A local charity has announced plans to mark its 140th anniversary with a bold re-brand and a five year investment programme worth almost £5m that could double its workforce.
The Northern Ireland Institute for the Disabled (NIID), which began its life as The Cripples Institute in 1878, will now be known as HarmonI. The charity has a long heritage of providing compassionate support and care to people living with disability or disadvantage. Originally based in the Donegall Road area of Belfast the services were expanded to Bangor in the late 1890’s. It now operates an Independent Living Facility at Stricklands Care Village in Bangor and a Men’s Homeless Hostel at Utility Street Belfast.
HarmonI Chief Executive, Sam Humphries said the investment programme which represented the most significant development and growth phase since the charity’s foundation would add up to 40 new living spaces for Supported Independent living, thus transforming its Stricklands’ location. He said the facilities were designed with the future needs of the clients in mind, ensuring the care delivery was among the best in the sector. The design would plan for and reflect workforce supply issues and would ensure HarmonI would continue to be at the forefront of specialist care in Northern Ireland.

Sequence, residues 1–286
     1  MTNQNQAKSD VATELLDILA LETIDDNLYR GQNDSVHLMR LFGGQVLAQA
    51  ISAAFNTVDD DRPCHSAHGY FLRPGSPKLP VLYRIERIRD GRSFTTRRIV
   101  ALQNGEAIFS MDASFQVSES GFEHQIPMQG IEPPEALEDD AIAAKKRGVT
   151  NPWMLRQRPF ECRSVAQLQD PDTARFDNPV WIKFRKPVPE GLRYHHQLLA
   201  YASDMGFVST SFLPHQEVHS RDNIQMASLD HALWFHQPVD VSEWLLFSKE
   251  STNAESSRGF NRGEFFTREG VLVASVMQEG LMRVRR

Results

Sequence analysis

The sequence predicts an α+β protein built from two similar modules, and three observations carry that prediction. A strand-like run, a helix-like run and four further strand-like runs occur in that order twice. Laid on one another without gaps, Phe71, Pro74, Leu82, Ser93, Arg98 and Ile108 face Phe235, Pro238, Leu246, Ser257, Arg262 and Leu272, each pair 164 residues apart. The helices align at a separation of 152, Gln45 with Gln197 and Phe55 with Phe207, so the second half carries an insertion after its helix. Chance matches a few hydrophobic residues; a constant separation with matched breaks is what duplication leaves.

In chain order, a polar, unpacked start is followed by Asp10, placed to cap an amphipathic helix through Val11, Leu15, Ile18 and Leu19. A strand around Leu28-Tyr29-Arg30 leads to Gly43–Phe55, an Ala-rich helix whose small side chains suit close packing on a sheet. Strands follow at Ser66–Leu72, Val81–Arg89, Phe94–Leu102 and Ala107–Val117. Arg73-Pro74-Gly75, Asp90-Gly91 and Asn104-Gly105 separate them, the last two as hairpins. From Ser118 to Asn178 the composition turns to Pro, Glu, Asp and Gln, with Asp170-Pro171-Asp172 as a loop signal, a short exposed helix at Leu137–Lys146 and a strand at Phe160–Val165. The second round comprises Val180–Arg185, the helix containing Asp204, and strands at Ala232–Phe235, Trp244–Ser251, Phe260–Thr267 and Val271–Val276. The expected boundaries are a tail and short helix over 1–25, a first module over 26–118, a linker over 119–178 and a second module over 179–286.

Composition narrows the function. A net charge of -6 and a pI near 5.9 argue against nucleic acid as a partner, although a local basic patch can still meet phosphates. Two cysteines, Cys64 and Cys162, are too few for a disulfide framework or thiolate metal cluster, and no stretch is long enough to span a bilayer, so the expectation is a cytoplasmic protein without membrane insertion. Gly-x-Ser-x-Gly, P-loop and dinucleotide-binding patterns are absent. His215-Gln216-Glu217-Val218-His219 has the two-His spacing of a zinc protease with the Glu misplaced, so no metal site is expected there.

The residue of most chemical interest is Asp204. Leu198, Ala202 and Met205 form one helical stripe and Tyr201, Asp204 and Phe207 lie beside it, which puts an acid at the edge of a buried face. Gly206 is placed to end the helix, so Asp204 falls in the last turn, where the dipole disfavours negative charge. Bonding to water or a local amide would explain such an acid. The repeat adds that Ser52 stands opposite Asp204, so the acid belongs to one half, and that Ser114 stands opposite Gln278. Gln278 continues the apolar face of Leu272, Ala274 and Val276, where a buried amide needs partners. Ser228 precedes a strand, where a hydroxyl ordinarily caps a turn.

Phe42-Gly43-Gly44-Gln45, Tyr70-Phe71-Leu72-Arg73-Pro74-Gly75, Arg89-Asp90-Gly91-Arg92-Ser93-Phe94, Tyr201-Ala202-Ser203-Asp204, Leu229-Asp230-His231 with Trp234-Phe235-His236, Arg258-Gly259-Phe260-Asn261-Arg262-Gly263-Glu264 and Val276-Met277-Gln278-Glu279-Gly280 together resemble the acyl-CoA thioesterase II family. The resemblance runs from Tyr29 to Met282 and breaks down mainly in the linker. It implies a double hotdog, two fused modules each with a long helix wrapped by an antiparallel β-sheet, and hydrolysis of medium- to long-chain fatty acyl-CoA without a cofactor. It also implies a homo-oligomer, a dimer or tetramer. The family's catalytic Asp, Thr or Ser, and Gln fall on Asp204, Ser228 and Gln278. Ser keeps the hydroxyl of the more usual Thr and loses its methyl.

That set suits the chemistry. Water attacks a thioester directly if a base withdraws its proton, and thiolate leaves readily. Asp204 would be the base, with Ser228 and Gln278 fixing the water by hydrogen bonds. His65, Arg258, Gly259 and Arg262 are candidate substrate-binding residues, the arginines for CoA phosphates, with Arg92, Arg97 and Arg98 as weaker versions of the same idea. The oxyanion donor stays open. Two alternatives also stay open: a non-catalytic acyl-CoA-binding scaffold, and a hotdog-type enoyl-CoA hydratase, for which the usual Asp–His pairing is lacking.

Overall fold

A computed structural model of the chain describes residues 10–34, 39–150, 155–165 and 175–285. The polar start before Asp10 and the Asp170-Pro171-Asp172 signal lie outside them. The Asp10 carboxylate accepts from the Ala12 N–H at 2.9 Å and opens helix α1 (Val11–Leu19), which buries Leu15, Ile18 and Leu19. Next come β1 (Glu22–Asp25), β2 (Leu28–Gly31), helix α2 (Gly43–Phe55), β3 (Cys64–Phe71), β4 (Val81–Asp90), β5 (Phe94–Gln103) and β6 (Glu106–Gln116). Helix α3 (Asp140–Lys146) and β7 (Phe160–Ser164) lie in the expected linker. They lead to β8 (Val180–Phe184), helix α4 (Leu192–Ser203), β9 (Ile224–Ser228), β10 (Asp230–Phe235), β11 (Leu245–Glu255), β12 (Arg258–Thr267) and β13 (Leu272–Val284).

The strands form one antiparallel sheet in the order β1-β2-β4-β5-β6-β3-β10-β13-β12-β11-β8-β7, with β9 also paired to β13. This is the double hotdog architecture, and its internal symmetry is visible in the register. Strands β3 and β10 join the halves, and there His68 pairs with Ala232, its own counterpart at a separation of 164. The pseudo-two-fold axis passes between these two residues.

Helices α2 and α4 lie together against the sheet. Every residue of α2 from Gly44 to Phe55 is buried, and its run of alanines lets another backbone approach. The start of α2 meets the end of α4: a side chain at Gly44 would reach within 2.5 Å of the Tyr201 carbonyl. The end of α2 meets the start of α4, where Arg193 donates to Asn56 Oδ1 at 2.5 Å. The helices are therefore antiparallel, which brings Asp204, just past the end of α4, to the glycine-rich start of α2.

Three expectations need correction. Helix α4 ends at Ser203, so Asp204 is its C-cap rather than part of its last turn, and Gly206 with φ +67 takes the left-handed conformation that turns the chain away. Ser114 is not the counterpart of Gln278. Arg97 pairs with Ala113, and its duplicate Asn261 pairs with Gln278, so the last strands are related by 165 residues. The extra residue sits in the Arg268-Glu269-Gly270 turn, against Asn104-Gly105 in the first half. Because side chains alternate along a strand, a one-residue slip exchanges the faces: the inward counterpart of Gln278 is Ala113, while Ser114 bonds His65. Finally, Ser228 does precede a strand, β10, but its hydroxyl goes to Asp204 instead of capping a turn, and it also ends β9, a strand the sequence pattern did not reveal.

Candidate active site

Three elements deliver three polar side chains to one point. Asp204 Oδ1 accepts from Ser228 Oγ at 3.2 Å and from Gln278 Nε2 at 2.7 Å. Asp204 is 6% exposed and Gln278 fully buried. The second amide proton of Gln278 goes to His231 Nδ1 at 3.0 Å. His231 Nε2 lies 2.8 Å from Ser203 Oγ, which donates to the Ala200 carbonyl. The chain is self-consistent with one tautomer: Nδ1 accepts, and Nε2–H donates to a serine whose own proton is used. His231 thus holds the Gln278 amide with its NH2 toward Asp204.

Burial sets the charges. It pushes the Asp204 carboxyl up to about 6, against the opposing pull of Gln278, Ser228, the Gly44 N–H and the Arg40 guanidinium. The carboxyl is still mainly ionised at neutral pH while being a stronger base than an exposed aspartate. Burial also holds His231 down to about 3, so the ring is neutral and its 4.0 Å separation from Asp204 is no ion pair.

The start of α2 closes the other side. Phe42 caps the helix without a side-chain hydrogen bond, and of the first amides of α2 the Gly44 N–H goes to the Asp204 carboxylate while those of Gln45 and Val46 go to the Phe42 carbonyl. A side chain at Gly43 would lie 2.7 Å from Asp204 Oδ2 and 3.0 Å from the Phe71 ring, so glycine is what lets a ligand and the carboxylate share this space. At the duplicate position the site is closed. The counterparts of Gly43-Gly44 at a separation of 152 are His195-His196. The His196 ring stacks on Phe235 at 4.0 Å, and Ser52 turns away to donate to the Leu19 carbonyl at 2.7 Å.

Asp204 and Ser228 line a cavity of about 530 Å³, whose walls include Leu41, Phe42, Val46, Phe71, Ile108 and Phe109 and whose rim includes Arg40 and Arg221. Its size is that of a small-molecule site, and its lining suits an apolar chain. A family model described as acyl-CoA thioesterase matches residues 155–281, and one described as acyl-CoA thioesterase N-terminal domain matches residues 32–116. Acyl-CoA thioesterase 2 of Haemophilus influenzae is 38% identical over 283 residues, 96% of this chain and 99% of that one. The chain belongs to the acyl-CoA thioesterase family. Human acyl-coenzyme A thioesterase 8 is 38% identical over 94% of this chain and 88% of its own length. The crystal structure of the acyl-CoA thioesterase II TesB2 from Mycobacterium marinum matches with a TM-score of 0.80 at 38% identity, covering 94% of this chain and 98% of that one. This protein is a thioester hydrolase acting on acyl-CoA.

“Our Board of Trustees is excited at the prospect of being able to build on our 140-year history of providing high quality care and excellence in the delivery of our services with the creation of purpose built facilities which would be designed around the needs of our residents and staff. The entire capital investment is geared towards ‘Doing more for More’ as we know there are many people in need in our community and it is our goal to be available to help them meet their supported independent living needs.
“HarmonI is humbled and privileged to provide care and a support for a diverse range of people, each with an individual need. Our new logo which incorporates overlapped finger prints reflects the individuality of each client. We are all about improving quality of life to each individual we encounter through compassionate support and care by helping them re-establish a healthy, harmonious relationship with the world around them – hence our choice of HarmonI as the new name for the charity.”
Mr Humphries said work had already begun on the new development programme for the five acre site at Stricklands with the first element of the project - the conversion of a former nursing home wing from 16 ensuite rooms into eight flats for supported independent living – commencing on 2nd January 2019.